soaked, impregnated, or imbued thoroughly; charged thoroughly or completely; brought to a state of saturation.
(of colors) of maximum chroma or purity; of the highest intensity of hue; free from admixture of white.
(of a solution) containing the maximum amount of solute capable of being dissolved under given conditions.
(of an organic compound) containing no double or triple bonds; having each single bond attached to an atom or group.
(of an inorganic compound) having no free valence electrons.
verb (used with object), saturated, saturating.
to cause (a substance) to unite with the greatest possible amount of another substance, through solution, chemical combination, or the like.
to charge to the utmost, as with magnetism.
to soak, impregnate, or imbue thoroughly or completely:
to saturate a sponge with water; a town saturated with charm.
to destroy (a target) completely with bombs and missiles.
to send so many planes over (a target area) that the defensive electronic tracking equipment becomes ineffective.
to furnish (a market) with goods to its full purchasing capacity.
verb (used without object), saturated, saturating.
to become saturated.
a saturated fat or fatty acid.
(of a solution or solvent) containing the maximum amount of solute that can normally be dissolved at a given temperature and pressure See also supersaturated
(of a colour) having a large degree of saturation
(of a chemical compound)
containing no multiple bonds and thus being incapable of undergoing additional reactions: a saturated hydrocarbon
containing no unpaired valence electrons
(of a fat, esp an animal fat) containing a high proportion of fatty acids having single bonds See also polyunsaturated, unsaturated
(of a vapour) containing the equilibrium amount of gaseous material at a given temperature and pressure See also supersaturated
(of a magnetic material) fully magnetized
extremely wet; soaked
to fill, soak, or imbue totally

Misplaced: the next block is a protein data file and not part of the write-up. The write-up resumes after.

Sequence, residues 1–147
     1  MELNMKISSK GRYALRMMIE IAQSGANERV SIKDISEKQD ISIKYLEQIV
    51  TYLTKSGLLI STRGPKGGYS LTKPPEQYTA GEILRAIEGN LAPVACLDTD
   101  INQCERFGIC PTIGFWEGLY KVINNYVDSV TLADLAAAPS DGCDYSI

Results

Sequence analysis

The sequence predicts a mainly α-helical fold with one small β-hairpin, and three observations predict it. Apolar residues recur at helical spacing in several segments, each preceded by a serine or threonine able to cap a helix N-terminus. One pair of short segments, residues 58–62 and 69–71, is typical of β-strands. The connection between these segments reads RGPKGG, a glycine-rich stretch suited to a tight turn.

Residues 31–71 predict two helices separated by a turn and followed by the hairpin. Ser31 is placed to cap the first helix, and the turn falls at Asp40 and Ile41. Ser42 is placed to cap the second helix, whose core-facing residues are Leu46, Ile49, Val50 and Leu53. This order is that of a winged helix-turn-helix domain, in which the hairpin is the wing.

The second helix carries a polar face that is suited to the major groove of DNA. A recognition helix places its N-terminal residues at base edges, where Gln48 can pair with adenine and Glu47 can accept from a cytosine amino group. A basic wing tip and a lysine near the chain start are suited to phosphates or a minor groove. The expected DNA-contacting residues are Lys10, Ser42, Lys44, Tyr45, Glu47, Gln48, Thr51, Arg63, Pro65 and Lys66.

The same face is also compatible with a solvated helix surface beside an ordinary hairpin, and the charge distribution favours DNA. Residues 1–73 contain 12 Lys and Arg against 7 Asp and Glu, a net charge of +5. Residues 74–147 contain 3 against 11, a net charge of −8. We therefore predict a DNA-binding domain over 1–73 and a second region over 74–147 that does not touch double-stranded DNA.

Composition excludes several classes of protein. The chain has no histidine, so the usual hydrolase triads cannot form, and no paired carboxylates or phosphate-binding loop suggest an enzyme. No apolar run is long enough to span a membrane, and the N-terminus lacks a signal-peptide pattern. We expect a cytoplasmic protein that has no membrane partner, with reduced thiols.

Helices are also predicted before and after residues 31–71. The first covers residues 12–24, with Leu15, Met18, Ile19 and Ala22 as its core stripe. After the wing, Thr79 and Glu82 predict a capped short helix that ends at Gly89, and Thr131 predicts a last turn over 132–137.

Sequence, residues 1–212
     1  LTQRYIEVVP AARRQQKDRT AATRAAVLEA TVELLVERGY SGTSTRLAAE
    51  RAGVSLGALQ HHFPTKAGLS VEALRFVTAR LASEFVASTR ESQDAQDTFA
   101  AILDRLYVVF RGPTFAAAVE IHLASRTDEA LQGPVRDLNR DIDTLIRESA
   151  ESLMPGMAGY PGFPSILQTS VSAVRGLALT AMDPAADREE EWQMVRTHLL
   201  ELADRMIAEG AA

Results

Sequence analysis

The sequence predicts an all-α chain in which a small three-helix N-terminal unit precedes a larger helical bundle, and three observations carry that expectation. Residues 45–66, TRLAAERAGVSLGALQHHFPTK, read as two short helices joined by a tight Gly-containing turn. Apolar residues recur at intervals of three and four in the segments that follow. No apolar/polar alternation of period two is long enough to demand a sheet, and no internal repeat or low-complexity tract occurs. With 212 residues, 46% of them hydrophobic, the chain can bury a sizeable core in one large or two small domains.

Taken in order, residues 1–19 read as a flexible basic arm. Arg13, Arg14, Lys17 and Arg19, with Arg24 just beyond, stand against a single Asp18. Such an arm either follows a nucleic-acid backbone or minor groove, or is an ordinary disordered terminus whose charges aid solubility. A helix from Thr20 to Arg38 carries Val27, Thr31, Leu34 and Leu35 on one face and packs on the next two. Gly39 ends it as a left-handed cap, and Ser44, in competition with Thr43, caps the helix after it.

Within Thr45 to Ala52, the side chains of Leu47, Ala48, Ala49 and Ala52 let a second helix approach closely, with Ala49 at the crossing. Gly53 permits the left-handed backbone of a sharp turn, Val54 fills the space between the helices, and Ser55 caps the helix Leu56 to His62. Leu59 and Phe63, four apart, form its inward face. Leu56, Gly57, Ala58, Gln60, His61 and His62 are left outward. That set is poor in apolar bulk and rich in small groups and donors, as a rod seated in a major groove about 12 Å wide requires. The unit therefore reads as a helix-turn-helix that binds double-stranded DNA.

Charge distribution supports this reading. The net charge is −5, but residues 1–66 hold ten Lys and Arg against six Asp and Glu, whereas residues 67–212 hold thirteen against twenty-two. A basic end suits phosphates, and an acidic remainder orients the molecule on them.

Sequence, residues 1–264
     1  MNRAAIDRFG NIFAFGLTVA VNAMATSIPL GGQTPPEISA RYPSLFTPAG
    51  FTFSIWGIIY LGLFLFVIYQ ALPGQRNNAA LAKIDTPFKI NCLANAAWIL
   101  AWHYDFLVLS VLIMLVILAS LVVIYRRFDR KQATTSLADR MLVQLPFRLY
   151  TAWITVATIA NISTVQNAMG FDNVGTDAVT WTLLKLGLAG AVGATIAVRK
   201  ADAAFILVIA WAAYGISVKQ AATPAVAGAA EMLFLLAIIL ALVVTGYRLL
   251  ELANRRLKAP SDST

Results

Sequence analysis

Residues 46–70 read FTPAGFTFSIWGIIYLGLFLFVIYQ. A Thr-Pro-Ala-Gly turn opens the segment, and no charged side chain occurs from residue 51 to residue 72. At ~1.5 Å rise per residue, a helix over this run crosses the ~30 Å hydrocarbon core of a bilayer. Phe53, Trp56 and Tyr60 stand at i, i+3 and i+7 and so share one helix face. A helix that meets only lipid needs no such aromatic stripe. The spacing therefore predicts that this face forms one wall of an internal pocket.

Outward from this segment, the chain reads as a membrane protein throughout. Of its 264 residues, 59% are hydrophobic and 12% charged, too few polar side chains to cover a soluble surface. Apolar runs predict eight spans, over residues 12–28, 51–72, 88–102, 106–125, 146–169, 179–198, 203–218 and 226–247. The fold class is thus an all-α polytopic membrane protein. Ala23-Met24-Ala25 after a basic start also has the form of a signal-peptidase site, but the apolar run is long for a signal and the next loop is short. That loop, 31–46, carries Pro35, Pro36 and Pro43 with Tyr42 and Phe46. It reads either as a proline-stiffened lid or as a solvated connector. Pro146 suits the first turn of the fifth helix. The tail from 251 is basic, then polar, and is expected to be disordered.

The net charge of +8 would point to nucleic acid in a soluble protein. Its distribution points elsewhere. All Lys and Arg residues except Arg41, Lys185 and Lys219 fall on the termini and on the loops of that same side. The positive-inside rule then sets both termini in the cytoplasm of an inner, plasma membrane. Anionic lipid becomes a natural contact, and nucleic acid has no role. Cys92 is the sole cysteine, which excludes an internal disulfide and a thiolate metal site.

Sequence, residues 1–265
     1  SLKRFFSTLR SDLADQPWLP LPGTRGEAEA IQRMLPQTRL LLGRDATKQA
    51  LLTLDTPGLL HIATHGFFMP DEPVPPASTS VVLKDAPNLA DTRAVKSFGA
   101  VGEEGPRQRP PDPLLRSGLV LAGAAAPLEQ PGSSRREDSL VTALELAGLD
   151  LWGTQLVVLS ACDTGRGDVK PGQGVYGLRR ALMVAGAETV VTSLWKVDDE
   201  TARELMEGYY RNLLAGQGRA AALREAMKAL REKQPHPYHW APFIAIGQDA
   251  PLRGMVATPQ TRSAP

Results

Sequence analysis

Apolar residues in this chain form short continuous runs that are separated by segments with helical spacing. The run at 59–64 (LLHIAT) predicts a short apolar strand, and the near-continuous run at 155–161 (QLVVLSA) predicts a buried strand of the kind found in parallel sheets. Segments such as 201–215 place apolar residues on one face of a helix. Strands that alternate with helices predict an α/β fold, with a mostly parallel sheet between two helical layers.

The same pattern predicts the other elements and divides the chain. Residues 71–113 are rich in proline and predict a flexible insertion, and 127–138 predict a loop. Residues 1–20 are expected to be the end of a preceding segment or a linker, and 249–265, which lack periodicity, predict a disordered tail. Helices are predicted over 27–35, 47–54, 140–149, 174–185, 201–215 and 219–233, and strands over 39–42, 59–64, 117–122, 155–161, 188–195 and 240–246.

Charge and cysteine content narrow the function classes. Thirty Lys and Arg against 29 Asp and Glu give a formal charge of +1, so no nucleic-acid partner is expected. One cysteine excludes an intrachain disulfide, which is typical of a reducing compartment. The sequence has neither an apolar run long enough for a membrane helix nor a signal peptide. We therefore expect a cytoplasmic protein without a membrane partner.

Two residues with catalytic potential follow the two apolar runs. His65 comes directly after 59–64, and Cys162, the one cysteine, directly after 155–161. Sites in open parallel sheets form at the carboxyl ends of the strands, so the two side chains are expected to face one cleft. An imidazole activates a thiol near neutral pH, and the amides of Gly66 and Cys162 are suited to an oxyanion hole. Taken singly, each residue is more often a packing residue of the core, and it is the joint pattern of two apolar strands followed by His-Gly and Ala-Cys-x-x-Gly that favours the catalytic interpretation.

to make (a chemical compound, vapour, solution, magnetic material, etc) saturated or (of a compound, vapour, etc) to become saturated
(transitive) (military) to bomb or shell heavily
adjective (ˈsætʃərɪt; -ˌreɪt)
a less common word for saturated
Unable to hold or contain more; full.
Soaked with moisture; drenched.
Combined with or containing all the solute that can normally be dissolved at a given temperature.
Having all available valence bonds filled. Used especially of organic compounds.
saturate sat·u·rate (sāch’ə-rāt’)
v. sat·u·rat·ed, sat·u·rat·ing, sat·u·rates
To imbue or impregnate thoroughly.
To soak, fill, or load to capacity.
To cause a substance to unite with the greatest possible amount of another substance.
To satisfy all the chemical affinities of a substance; neutralize.
To dissolve a substance up to that concentration beyond which the addition of more results in a second phase.
sat’u·ra·ble (sāch’ər-ə-bəl) adj.
Relating to an organic compound in which all the carbon atoms are joined by single bonds and therefore cannot be combined with any additional atoms or radicals. Propane and cyclopentane are examples of saturated hydrocarbons. Compare unsaturated.
Relating to a solution that is unable to dissolve more of a solute.
Containing as much water vapor as is possible at a given temperature. Air that is saturated has a relative humidity of 100 percent.
- Saturated adiabatic lapse rate
saturated adiabatic lapse rate See under lapse rate.
- Saturated compound
saturated compound n. An organic compound in which all the carbon atoms are connected by single bonds.
noun, Nutrition. 1. a type of single-bond animal or vegetable fat, as that found in butter, meat, egg yolks, and coconut or palm oil, that in humans tends to increase cholesterol levels in the blood. Compare saturated (def 3). saturated fat n. A fat, most often of animal origin, having chains of saturated fatty acids. […]
- Saturated fatty acid
saturated fatty acid n. A fatty acid, such as stearic acid, whose carbon chain contains no unsaturated linkages between carbon atoms and hence cannot incorporate any more hydrogen atoms.